People have been obsessed with staying young for almost all of recorded history. As the medical profession finds ways to keep people living longer, the problems with aging are becoming more obvious. Back pains are a common ailment for adults, and age only makes the pain worse. In fact one of the images that first springs to mind about older people includes the person holding their back.

You may not be able to stop the passage of time, but you can slow the aging process through proper care of your back. All of the things that your mother and teachers tell you to do as a child are habits that you should adapt. By strengthening your back from an early age, you can reduce the likelihood of problems, or minimize the pain if you are injured. Even if you aren’t young anymore, there are things you can do to help your back feel younger.


Start Strengthening Your Spine

If someone were to say that you are the backbone of a project or group, you know that means you are the main support. You are the spine of that project or group.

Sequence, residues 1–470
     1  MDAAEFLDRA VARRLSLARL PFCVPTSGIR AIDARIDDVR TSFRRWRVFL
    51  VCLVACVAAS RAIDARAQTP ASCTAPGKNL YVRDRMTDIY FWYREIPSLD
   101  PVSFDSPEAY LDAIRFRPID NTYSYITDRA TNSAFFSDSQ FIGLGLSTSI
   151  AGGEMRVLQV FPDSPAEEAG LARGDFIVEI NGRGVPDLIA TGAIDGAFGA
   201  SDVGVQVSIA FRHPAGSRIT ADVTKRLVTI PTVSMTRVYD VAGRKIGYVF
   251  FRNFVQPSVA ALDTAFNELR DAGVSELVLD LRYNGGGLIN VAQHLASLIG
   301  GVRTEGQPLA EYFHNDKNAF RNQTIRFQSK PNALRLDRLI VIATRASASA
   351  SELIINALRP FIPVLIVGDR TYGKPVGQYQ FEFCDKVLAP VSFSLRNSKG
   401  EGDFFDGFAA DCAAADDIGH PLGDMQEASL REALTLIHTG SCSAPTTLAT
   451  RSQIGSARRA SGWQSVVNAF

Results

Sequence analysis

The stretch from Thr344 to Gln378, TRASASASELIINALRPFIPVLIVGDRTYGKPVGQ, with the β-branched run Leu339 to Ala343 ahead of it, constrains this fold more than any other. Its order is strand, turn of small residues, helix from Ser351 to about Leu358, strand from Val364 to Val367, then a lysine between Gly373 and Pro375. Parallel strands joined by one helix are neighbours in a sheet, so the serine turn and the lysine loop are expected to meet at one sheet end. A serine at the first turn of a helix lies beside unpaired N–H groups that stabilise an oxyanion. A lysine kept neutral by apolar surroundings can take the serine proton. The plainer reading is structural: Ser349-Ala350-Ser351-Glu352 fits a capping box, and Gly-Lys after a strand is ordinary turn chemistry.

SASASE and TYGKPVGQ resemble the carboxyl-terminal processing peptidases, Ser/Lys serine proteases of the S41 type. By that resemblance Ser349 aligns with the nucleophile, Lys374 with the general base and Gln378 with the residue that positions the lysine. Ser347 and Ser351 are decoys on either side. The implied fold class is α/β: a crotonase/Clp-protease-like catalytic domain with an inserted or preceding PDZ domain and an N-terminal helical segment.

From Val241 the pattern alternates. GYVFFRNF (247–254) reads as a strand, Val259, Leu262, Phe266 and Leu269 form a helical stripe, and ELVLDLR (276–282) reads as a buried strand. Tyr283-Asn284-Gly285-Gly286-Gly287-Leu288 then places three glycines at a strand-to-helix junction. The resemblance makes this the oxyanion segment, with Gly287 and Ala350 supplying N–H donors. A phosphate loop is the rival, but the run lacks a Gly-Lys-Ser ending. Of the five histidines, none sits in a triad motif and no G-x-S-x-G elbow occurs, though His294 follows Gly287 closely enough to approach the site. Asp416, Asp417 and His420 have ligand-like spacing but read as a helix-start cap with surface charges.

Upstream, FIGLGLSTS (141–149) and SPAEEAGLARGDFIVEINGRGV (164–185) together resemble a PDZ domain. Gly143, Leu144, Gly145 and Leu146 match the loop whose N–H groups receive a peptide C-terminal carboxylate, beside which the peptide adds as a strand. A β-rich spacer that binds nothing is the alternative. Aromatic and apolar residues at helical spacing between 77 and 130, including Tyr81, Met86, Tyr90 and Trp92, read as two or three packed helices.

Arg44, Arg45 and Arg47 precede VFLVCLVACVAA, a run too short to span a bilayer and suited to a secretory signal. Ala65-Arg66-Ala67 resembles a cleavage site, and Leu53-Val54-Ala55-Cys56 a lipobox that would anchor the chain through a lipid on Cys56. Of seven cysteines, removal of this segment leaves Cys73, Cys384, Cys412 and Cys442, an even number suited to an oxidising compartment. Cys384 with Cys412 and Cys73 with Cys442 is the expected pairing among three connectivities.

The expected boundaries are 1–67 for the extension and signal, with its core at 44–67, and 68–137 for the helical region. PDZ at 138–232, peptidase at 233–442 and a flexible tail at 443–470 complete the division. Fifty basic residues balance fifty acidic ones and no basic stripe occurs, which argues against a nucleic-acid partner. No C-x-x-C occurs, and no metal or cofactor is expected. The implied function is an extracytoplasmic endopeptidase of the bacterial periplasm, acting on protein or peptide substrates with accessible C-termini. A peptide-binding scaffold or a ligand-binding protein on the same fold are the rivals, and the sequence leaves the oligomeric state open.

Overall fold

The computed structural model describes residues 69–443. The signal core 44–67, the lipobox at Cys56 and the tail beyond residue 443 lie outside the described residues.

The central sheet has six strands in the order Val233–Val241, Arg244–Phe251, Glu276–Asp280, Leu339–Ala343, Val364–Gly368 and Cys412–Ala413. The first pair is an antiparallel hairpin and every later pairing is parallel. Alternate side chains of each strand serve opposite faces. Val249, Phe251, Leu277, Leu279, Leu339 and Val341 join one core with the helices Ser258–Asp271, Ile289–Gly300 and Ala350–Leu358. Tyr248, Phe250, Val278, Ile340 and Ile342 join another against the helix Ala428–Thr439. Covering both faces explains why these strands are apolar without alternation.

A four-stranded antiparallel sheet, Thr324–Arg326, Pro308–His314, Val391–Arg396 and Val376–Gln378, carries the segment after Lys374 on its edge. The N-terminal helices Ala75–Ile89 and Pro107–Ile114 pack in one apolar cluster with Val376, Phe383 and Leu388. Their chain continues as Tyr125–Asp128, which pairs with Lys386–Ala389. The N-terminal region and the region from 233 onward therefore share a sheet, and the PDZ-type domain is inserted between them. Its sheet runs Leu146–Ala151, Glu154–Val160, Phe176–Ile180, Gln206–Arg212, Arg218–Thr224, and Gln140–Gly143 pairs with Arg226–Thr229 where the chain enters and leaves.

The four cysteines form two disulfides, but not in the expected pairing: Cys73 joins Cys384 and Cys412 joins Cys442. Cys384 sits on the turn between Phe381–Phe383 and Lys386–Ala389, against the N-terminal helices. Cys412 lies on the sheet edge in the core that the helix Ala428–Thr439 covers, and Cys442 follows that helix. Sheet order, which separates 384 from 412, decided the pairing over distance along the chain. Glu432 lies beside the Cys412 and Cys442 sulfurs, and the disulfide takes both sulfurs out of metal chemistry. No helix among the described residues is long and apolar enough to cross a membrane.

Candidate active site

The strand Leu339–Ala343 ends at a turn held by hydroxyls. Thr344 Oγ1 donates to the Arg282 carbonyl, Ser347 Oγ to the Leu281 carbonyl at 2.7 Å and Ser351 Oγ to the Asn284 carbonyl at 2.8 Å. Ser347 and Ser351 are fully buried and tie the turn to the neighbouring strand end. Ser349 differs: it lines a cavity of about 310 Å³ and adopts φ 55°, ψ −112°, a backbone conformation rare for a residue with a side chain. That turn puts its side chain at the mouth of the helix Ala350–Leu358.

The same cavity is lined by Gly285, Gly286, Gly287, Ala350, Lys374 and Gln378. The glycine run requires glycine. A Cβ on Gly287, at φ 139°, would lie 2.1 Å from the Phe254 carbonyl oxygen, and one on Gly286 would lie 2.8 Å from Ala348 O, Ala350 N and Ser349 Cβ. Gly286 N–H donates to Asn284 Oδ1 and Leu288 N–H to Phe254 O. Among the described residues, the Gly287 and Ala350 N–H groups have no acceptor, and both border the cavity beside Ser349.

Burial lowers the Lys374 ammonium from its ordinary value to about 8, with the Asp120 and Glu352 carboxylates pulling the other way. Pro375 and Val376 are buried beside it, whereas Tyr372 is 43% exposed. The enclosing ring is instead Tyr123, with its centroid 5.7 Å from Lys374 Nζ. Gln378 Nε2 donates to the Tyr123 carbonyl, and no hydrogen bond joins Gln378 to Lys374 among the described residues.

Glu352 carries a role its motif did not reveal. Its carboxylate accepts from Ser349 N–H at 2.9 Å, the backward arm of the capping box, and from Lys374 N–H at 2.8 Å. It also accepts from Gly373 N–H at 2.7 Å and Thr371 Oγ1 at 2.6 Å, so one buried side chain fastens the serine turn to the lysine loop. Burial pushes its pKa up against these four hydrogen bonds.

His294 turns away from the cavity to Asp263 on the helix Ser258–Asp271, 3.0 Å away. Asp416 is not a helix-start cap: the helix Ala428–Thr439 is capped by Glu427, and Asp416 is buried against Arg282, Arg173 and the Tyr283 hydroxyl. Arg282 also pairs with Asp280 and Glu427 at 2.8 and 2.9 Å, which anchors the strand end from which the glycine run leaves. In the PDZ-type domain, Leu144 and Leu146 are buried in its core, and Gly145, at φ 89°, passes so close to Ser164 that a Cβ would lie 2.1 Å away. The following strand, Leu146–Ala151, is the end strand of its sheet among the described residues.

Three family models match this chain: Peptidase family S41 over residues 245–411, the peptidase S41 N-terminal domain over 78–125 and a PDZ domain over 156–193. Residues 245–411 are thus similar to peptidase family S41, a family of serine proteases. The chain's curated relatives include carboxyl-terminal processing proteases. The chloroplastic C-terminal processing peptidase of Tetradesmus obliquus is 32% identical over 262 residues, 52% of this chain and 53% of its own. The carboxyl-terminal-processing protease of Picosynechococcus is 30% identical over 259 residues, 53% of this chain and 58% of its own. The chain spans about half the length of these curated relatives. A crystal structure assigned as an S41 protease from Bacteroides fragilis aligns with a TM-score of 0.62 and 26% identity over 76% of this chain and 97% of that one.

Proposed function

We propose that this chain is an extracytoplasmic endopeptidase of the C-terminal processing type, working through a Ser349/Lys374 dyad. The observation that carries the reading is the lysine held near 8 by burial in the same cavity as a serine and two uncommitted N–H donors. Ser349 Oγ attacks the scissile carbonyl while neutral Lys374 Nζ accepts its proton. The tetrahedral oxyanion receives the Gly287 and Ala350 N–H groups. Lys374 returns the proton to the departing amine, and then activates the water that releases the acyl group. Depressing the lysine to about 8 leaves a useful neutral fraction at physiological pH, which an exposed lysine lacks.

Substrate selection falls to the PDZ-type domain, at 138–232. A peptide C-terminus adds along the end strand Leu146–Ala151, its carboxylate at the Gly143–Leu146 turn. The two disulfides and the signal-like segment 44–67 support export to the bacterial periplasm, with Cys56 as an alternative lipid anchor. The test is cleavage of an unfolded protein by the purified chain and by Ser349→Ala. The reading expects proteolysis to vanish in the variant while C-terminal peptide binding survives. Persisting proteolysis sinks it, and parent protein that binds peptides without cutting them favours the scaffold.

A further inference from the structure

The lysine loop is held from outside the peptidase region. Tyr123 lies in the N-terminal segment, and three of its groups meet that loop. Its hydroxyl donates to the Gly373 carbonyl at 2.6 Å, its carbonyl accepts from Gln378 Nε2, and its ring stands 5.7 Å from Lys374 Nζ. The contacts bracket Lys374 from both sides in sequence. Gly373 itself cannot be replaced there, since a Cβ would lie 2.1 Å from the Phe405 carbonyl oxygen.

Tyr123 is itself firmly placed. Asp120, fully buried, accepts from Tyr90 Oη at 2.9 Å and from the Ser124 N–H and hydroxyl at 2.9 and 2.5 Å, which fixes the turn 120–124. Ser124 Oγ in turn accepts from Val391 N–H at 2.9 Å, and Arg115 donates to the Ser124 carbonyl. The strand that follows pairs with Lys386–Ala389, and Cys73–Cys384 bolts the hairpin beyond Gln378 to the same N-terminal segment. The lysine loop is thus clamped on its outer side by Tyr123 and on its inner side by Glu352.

This shows just how the spine has come to be synonymous with support. Your spine is literally the support for your entire body. By strengthening it, you reduce the likelihood of suffering back pain. More importantly, you will ensure that your back can support you over the course of your life.

Here are some things you can do to focus on strengthening your spine and the muscles around it.

  • Do planks, not sit-ups or crunches. While these older exercises can help strengthen a back, doing them wrong will do far more damage. Planks are just as effective, and it helps build other muscles.
  • Work on your stomach muscles. One of the best ways to strengthen your spine is by not requiring it to be your only support. Strong muscles will provide support for your spine.
  • Avoid repetitive movements that put a strain on your back.
  • If you have to lift heavy objects, use a back brace to provide extra support.
  • Stand Up and stretch over the course of a workday. If you just stand and stretch your arms over your head once an hour, you are helping your entire body, including your eyes. The human body was not designed to sit for long periods of time, so give it some movement every hour.